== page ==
Bernard Augustine DeVoto (11 January, 1897–13 November, 1955) was an award winning historian, teacher, essayist, editor and reviewer. He is known for his Pulitzer Prize winning series on the American West.
- Born in Ogden, Utah, Mr. DeVoto attended the University of Utah for one year before transferring to Harvard (class of 1918).
- Mr. DeVoto stopped his studies for one year during World War I to serve in the Army. He would return to Harvard and graduate with the class of 1920.
- He started his English teaching career in Northwestern University, while at the same time writing articles and novels.
- Mr. DeVoto used to write his novels under the names “John August” and “Cady Hewes”
- After five years at Northwestern, Mr. DeVoto resigned and together with his wife, Avis, they tried to make a living from writing. He was still teaching at Harvard part time, but he never managed to attain a permanent position.
- Mr. DeVoto published a popular series of articles in Harper’s Magazine, which landed him a regular column called “The Easy Chair” which he wrote from 1935 until his death.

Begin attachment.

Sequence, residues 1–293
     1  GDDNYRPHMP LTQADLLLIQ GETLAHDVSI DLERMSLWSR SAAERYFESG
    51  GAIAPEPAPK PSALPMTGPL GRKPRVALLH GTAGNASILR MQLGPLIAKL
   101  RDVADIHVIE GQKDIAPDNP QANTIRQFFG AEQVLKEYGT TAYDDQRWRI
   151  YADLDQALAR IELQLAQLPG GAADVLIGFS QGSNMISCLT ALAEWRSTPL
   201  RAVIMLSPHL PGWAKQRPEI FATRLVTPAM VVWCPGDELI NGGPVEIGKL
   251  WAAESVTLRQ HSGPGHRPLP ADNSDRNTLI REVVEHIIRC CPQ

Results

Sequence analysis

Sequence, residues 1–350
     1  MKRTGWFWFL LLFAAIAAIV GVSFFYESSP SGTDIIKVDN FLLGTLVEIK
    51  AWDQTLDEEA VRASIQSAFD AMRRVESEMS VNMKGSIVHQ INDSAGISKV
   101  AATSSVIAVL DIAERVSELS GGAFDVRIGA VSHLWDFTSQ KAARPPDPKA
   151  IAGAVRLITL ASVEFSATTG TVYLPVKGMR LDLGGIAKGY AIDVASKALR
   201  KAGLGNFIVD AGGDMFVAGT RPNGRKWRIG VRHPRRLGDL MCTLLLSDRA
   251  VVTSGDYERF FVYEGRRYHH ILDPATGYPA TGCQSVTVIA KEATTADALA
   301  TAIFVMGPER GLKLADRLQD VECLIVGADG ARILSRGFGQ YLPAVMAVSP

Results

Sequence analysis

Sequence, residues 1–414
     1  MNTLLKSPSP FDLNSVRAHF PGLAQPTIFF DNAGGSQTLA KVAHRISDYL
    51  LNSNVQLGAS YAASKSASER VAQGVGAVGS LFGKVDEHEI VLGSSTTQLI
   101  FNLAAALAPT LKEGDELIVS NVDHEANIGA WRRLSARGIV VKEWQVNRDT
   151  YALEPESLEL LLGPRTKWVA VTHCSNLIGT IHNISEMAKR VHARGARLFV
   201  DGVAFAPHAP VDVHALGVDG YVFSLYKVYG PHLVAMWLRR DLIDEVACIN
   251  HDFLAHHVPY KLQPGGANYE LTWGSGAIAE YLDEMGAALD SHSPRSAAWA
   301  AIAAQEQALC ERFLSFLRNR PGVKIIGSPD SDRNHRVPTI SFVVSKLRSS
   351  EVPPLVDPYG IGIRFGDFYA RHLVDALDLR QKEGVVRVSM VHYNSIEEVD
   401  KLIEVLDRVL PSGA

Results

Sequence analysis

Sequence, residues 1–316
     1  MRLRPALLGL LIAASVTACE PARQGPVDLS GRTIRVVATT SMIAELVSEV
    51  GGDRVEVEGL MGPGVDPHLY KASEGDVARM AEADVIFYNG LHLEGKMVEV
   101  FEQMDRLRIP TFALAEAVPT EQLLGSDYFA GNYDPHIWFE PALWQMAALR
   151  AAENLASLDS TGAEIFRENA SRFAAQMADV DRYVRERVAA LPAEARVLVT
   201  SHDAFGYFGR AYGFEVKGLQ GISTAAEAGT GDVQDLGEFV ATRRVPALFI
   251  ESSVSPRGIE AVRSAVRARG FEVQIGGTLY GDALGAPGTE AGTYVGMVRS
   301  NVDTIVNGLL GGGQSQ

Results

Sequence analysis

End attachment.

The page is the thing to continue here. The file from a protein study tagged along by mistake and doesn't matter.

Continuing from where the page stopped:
- He held liberals views and mocked those who thought that the Soviets will take over America, yet was still called a “fascist” by the left.
- The author was also an authority on Mark Twain. Mr. DeVoto served as a curator and editor for Twain’s papers publishing several books including the best sellers Letters From the Earth.
- Avis DeVoto, the author’s wife as a book reviewer and editor by her own right. As an avid cook she was instrumental in the publishing of 1961’s Mastering the Art of French Cooking by Julia Child. Avis and Julia were lifelong friends and Mrs. Child acknowledged Avis immense contribution to the book. As Always, Julia: The Letters of Julia Child & Avis DeVoto by Joan Reardon compiles the facinating letters the two women wrote over decades.
- During the 1950s Mr. DeVoto served as a speechwriter for presidential candidate Adlai Stevenson.
Zohar – Man of la Book
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